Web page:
China To Shut Factories To Curb Pollution

Concerned that Beijing's often polluted air will adversely affect the Olympics, Chinese officials are shutting down factories in the region. The closures will peak between July 20 and Sept. 20 to accommodate athletes in both the Olympics and Paralympics.

Copyright © 2008 NPR. For personal, noncommercial use only. See Terms of Use. For other uses, prior permission required.

ROBERT SIEGEL, host:

This is ALL THINGS CONSIDERED from NPR News. I'm Robert Siegel.

MICHELE NORRIS, host:

And I'm Michele Norris.

Less than a month ago before the Beijing Olympics, industries all over north China are shutting down or scaling back production. It's part of an effort to remove the shadow of soot and smog that hangs over the Chinese capital much of the year. Air quality has been a big concern especially among Olympic athletes worried they won't be able to perform at their best.

We now to go NPR's Beijing correspondent Anthony Kuhn for an update on this situation. Anthony, what's now being shut down and where are these factories located?

ANTHONY KUHN: Well, the pollution in Beijing takes a lot of contributions from about five or six other provinces in Northern China. There are lots of steel mills in Tangshan City out to the east. There are lots of coal-fired powered plants in Inter Mongolia out to the west, and a lot of those already started shutting down in February. And between July 20th and September 20th when the Paralympics ends, a lot more are going to be shut down, some of them for good.

NORRIS: Now, what's happening in the capital city itself, in Beijing?

KUHN: Beijing is a city that's very much under construction, just so many cranes and open construction sites from which dust is picked up and thrown into the air. And a lot of those will be shut down, too. The workers and decorators will all be going home for an extended vacation back in the countryside where they came from.

NORRIS: So, if they shut down the construction sites, if all the businesses that serve the construction sites wind up shutting down as well, what's the economic impact of all this?

KUHN: Actually, it's a lot less than you might think. And I think this is an interesting indicator of, you know, how much the Olympics actually are going to affect China. People say that prices will rise and, yes, the power supply may get a little bit tight. But actually, Beijing accounts for only 3.5 percent of the national economy. The national steel output will maybe only be decreased by 10 percent or so, so not really that much. And for those people who are going to have to go home on vacation, they're pretty much resigned to it because there's nothing they can do.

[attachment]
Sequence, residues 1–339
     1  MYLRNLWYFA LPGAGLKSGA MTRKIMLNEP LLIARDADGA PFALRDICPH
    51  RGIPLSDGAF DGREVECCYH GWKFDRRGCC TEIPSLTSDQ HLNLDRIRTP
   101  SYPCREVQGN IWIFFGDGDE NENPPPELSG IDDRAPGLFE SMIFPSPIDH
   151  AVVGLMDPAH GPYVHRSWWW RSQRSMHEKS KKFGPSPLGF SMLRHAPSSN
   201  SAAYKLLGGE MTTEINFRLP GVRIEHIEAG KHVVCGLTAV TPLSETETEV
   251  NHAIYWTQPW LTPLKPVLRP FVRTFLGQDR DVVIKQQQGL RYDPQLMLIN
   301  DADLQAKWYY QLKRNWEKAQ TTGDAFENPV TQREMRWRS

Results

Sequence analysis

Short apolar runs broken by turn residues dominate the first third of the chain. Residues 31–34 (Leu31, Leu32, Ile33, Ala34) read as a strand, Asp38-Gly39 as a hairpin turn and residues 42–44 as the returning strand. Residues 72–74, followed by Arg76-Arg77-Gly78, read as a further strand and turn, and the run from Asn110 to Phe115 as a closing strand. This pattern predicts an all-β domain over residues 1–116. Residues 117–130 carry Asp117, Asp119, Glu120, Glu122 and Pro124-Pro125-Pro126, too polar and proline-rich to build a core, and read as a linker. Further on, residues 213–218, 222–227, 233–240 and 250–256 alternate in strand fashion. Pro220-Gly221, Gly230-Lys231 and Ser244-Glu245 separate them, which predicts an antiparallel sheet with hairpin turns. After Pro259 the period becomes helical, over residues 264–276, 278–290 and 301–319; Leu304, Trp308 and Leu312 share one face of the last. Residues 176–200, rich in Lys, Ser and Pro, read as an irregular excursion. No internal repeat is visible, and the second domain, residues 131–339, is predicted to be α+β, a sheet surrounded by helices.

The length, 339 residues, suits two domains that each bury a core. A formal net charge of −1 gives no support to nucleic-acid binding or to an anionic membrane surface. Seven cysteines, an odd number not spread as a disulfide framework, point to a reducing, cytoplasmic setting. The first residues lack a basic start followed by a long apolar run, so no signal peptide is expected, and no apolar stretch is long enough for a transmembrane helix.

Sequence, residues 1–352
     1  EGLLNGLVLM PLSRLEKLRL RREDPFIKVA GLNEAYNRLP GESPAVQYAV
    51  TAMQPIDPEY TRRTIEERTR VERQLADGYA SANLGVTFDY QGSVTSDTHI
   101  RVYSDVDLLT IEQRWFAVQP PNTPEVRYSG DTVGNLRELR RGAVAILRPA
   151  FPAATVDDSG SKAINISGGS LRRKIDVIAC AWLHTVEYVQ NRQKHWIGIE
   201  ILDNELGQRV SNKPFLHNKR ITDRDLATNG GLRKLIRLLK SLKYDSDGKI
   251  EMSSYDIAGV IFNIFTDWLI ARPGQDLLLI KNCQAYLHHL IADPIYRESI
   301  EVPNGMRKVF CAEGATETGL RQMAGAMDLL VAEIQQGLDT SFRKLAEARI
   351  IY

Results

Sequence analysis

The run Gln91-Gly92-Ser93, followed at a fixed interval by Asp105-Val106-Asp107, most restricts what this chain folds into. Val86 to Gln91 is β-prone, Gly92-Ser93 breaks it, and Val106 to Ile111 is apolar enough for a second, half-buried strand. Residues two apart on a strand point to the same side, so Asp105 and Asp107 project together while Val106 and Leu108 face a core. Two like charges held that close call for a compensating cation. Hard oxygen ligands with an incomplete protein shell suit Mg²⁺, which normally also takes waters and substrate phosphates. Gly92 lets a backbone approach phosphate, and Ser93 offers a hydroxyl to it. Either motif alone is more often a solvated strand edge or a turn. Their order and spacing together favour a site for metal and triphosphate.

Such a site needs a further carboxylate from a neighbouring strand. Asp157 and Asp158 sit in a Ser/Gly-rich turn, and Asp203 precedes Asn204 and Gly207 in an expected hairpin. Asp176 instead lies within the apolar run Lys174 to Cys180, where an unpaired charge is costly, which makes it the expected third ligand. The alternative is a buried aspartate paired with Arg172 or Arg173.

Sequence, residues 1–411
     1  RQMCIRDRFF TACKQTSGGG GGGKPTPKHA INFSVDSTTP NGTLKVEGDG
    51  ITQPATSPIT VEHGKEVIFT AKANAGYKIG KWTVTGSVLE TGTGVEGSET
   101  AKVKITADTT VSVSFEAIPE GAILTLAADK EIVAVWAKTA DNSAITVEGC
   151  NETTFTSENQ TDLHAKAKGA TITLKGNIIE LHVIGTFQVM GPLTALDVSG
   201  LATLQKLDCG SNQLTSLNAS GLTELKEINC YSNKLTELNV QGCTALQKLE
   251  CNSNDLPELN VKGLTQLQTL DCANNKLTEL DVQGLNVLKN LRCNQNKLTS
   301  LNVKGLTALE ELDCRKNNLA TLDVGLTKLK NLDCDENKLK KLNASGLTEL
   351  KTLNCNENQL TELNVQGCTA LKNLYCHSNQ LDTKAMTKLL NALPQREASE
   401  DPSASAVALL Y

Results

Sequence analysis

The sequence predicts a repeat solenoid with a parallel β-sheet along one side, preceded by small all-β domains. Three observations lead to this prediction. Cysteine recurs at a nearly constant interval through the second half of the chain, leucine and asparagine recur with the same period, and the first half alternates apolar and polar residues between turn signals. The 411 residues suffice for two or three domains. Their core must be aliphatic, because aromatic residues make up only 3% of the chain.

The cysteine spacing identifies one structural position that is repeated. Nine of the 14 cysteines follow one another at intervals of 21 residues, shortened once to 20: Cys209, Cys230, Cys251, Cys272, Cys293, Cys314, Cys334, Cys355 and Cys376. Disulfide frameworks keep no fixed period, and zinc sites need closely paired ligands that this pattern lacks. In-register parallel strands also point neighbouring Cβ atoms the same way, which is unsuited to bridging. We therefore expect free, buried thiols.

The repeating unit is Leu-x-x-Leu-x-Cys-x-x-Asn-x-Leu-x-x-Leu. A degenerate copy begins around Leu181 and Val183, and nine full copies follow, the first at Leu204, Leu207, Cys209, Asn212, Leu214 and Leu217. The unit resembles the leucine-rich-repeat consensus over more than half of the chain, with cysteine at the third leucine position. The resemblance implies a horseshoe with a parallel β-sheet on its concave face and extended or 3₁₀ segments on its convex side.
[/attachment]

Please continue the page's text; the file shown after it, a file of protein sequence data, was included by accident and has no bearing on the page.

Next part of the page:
NORRIS: Now, they measure the particulate matter when they try to get a sense of how good or how bad the air quality is. But when things are really bad, you can see and you can feel it. What was the air quality like in Beijing today? And will the air actually be cleared by that very important date, 8-8-08?

KUHN: Well, today was a rainy day and so whenever there's a big rain or a big wind, it clears the junk out of the air. But what's going to happen on August 8th is anybody's guess, although they've already taken many cars off the streets. The weather has been very variable over the weekend. We had two days of absolute crystal clear air. Before that, we had very thick smog. So, clearly, it's going to take time for all the measures they're taking now to take effect.

NORRIS: Anthony, is it not just the shutdown of the factories and the removal of cars? It sounds like there are other factors as well - wind, whether or not you have precipitation leading up to that important day.

KUHN: Yes. Wind patterns are very important. And in that part of the year, actually, the wind comes up from the south instead of from the Northwest. And it tends to hang over the city and be very humid. Beijing has said, if necessary, they will sieve the clouds with artillery fire and make it rain to clear the air. So they're going to pull out all the stops and do whatever they have to try and get the best weather possible.

NORRIS: Thank you, Anthony.

KUHN: Thanks, Michele.

NORRIS: That was Anthony Kuhn speaking to us from Beijing.

Copyright © 2008 NPR. All rights reserved. No quotes from the materials contained herein may be used in any media without attribution to NPR. This transcript is provided for personal, noncommercial use only, pursuant to our Terms of Use. Any other use requires NPR's prior permission. Visit our permissions page for further information.

NPR transcripts are created on a rush deadline by a contractor for NPR, and accuracy and availability may vary. This text may not be in its final form and may be updated or revised in the future. Please be aware that the authoritative record of NPR's programming is the audio.

Comments

 

Please keep your community civil. All comments must follow the NPR.org Community rules and terms of use, and will be moderated prior to posting. NPR reserves the right to use the comments we receive, in whole or in part, and to use the commenter's name and location, in any medium. See also the Terms of Use, Privacy Policy and Community FAQ.